The debttoequity ratio is a measure of a company's financial leverage that relates the amount of a firms' debt financing to the amount of equity financing. It is calculated by dividing a firm's total liabilities by total shareholders' equity.
Because some industries tend to use more debt financing than others, it generally is not helpful to compare the debttoequity ratio of companies from different sectors. A company in the industrial goods sector, for example, is likely to have a much higher debttoequity ratio than a company in the basic materials sector. Average debttoequity ratios also vary within the sector by industry. In the consumer goods sector, for example, the electronic equipment industry tends to have lower debttoequity ratios than the beverages/soft drinks industry.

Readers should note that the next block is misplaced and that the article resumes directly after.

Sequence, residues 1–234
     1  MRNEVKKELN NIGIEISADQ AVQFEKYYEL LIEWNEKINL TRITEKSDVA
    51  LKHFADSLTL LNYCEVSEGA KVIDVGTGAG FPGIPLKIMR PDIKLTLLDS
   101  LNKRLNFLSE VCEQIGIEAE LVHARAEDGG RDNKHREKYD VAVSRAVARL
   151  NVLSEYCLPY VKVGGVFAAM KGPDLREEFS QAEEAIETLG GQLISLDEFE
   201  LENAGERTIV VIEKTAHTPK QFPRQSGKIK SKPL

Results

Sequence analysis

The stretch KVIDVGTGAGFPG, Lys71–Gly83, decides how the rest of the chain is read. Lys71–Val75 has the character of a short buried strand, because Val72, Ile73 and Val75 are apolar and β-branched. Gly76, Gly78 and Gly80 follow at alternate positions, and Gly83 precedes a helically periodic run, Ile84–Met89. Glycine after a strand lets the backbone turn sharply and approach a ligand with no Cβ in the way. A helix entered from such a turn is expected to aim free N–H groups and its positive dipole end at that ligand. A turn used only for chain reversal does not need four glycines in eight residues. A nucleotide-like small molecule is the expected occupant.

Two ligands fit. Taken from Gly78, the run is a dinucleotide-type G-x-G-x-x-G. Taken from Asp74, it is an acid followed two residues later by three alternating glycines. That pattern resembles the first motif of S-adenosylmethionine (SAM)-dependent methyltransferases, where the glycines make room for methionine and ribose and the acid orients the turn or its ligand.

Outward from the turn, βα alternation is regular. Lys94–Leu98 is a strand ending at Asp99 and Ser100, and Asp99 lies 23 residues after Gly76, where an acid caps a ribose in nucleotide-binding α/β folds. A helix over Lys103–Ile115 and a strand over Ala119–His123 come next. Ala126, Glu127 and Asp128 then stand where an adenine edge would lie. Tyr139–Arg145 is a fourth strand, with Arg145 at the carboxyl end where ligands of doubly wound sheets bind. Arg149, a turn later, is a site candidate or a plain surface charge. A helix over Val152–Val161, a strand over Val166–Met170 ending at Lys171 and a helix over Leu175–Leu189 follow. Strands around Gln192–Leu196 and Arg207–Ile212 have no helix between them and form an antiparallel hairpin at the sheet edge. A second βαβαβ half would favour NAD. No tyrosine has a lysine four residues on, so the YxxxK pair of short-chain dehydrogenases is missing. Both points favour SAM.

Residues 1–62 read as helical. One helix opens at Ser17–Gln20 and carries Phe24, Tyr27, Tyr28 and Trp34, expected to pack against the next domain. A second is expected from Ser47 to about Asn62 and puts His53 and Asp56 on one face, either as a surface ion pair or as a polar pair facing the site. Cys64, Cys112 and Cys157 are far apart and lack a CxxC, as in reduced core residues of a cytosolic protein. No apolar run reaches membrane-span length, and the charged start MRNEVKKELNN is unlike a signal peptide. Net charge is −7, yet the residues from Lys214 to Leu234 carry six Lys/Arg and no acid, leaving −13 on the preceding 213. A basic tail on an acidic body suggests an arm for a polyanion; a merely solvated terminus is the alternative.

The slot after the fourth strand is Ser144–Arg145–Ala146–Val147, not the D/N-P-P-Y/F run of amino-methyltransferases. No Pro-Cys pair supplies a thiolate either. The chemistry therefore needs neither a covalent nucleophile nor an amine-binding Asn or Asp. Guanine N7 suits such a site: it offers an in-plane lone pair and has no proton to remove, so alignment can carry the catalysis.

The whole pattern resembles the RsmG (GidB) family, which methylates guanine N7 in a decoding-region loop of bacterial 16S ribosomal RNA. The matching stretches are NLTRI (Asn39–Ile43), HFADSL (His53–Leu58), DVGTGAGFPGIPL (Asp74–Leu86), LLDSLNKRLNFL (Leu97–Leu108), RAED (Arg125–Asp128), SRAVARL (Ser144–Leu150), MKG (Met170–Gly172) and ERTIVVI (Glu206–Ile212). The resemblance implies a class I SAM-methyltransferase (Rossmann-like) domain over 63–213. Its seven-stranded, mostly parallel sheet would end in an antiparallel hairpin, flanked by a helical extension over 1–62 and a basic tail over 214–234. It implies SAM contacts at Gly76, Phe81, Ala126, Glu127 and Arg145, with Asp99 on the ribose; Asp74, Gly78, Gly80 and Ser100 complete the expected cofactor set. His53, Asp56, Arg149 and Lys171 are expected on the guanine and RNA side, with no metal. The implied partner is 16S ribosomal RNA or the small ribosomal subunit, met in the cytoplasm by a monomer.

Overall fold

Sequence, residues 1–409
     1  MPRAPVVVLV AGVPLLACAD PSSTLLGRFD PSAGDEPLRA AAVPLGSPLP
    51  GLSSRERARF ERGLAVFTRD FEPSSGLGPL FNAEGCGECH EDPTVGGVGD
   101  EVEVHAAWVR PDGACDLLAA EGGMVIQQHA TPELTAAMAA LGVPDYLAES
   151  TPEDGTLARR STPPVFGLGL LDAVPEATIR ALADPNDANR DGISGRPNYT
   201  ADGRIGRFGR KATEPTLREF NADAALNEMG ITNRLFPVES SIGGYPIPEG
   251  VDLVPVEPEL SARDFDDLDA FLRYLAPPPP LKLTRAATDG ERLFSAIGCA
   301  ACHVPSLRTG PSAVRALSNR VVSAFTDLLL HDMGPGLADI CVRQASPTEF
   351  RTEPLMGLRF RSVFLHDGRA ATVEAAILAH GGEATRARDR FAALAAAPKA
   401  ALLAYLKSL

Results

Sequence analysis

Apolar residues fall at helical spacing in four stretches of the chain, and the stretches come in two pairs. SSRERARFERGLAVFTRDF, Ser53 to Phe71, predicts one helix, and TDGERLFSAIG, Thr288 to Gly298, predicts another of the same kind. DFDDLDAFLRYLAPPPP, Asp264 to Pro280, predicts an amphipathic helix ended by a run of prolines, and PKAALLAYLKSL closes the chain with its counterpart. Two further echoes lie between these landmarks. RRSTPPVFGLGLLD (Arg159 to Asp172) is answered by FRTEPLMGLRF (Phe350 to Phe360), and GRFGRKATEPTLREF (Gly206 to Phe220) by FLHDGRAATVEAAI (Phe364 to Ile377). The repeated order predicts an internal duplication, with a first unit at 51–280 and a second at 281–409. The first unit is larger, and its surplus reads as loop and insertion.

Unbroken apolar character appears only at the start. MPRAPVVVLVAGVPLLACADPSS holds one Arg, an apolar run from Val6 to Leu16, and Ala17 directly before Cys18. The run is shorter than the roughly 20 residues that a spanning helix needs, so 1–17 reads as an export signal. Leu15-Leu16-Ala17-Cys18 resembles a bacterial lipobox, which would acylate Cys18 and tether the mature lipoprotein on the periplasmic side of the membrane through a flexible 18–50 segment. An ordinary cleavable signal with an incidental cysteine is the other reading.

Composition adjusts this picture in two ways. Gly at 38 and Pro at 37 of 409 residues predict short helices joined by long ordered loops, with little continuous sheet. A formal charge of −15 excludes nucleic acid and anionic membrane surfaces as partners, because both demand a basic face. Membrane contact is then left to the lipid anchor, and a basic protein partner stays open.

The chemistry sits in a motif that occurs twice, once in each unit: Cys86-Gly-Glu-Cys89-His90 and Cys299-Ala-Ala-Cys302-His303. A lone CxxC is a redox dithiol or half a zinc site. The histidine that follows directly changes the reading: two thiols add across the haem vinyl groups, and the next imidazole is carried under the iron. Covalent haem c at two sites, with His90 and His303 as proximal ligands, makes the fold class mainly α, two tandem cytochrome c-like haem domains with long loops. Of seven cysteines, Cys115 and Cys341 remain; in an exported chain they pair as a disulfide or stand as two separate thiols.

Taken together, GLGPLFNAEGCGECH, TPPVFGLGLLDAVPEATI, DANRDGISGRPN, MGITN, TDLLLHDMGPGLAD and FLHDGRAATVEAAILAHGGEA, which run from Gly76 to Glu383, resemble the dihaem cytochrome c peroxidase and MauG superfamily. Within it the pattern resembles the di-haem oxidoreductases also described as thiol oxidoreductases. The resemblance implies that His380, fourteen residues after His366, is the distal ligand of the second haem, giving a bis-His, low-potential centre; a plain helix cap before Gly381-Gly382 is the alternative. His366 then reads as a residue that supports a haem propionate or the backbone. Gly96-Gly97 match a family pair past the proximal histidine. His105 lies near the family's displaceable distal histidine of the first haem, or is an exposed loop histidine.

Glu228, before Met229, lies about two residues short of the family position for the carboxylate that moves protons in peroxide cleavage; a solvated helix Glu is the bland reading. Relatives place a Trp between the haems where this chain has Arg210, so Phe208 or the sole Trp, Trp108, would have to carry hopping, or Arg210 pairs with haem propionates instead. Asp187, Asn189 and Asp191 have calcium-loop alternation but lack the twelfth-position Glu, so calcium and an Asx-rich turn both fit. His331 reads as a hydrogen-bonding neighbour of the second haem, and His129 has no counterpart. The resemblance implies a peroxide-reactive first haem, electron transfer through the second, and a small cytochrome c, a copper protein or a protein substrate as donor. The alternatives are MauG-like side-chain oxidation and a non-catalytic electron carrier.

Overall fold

Consider a company with a debttoequity ratio of 50.00. In the basic materials sector, which as of June 2014 had an average debttoequity ratio of 44.04, this would be a bit high. But in the industrial goods sector, which had a debttoequity ratio of 362.27 at the same time, a ratio of 50.00 would be low. Comparing only the debttoequity ratios of companies from different sectors will not provide investors with an accurate picture, and other measures should be used before making any investment decisions.

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